Patrick Butler, who’s from Conception Bay South, is a second-year journalism student at Carleton University. He can be reached by email at patrickbutler5@yahoo.ca.

Organizations: CBC, Academy in Westport, RCMP Carleton University

Geographic location: Peter, Westport

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  • Know your Role Models
    June 16, 2014 - 12:10

    Mostly, it is some kind of bigot that can see the difference of race, per se, instantly, as is stated here. There is no difference, that makes a difference, of 'race', according to modern anthropology and biology. Homo sapiens sapiens is one. It is shocking that the Google-Wiki generation would still perpetuate the denounced concept of 'ethnicity touted as different races of the human animal'. Yes, we can recognize and discriminate between people's variegated differences, in democratic media, but not writing about it in this backward fashion that tacitly accepts races, as a fact of our lives, and not recent history. This is just monkey-read, monkey-write, methinks and not stirring the melting-pot willfully, or distracting us...? When the stultifying Wayne Bennett was in the Newfoundland race, as a minority-baiting longshot-wingnut for PC leadership, the media-genii were all referring to his anti-Muslim bigotry/paranoia, as racism. This column begins with the phrase "racially-motivated bullying", but by it's end we seem to be reading about bully(status)-motivated racism. The essence of a rousing Felix Collin/Lorainne Michael house-mix battle! This is the root of scientific racism, and religious bigotry. STATUS. We can't totally control dandelions or moose. That is good. The moose will likely keep us fed, as well as dandelions in our inevitable fall from the economic grace of a well-oiled industry. We can't control the lexicon. That is good for us, collectively, as well. Not so good for sophistic, accredited journalists trying to keep the pot bubbling. If children were taught, in school, all the 'bad' words, and what they mean to "bad" people and the history, the subtext, then they might become more like clear critical thinkers, than eager to please parrots. Pretty Patrick! Pretty Boy! Get your bicky...sorry, where were we, OK. that was just a joke. I know he is not writing for purity crackers, or money. Status. All these -isms reduce to a bid for status, even journal-ism, in the messed-up scientifically-impoverished, religiously-starved adult world. Torrence Collier had his head put in a toilet!!!, this is more than name calling, and much less a rite of passage than déclassé sports-hazings that incense other news outlets. This would be assault of the highest degree at ANY progressive NGO office or strip club. Seems the judging media has plea-bargained them down to racism to suit a long-running status-agenda. I'm all for open discussion, and would like to hear if anyone believes the recent formation of a Shogun-Style Schoolboard has anything to do with this unfortunate status-battle that has invaded the lives of our pre-teens, and proved that sticks, stones, and swirlies are nothing, compared to the words of the scientifically ignorant. I am not defending racists, I pity their level of education and the journalists who live and hang off their words and actions. I am defending the rest of us human beings against the plain-clothes trolls of journalism, and pondering their motives?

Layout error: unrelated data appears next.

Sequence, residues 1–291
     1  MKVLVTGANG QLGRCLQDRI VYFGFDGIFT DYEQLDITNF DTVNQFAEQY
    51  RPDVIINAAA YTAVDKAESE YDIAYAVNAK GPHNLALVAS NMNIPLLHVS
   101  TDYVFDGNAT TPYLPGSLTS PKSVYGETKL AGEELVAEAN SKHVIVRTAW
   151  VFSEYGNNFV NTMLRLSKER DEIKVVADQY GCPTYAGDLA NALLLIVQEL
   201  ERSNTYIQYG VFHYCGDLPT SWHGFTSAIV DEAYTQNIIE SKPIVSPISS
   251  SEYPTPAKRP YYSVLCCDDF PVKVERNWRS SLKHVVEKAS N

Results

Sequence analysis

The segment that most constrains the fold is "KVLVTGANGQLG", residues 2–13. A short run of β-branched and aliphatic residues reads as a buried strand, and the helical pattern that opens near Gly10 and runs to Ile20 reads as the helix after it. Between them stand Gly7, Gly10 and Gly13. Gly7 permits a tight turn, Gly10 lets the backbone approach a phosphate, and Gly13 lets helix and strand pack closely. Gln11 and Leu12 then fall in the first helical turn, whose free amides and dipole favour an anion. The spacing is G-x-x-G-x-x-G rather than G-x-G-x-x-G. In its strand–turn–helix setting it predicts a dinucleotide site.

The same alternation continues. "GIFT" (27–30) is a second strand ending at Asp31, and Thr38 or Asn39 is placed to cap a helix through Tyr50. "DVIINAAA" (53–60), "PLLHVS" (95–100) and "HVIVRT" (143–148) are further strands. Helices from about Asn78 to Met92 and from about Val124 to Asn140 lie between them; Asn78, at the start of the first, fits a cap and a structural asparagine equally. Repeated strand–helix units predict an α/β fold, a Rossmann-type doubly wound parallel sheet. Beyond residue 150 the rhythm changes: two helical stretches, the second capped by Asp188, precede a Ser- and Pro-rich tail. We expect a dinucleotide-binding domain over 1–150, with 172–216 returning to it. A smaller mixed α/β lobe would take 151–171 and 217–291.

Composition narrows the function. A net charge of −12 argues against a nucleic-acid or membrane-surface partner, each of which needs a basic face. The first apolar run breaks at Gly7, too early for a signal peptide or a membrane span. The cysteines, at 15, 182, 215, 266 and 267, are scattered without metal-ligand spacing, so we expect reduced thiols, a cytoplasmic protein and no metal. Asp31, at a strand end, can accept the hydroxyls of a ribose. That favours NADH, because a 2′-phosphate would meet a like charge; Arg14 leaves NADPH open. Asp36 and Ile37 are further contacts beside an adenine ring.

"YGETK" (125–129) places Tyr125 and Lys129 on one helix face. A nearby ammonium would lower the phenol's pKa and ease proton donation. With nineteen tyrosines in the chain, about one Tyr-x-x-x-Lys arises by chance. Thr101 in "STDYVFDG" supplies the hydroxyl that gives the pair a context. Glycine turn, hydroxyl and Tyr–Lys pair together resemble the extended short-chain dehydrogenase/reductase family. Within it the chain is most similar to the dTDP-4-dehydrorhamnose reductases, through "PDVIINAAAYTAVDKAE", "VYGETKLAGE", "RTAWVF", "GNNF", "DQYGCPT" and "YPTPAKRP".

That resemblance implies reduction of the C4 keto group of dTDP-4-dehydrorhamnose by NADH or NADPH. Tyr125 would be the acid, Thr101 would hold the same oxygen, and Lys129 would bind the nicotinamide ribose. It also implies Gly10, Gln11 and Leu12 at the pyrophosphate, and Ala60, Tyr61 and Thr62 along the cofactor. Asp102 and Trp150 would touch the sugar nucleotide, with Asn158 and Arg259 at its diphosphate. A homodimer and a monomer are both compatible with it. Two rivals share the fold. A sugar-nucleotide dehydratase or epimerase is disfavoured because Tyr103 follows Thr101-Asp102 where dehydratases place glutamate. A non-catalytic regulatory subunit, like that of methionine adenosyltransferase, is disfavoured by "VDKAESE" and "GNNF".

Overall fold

• Jeff
      June 16, 2014 - 14:08

      I said the exact same thing to my wife this morning.

  • carogers
    June 16, 2014 - 07:31

    Well said, hopefully the parents of this small town will get the message. If you use racist comments then your children will repeat your words. Frankly the people who have come out on TV denying racism exist in their town come across as very stupid. This only gives more support to the family that the bullying definitely occurred.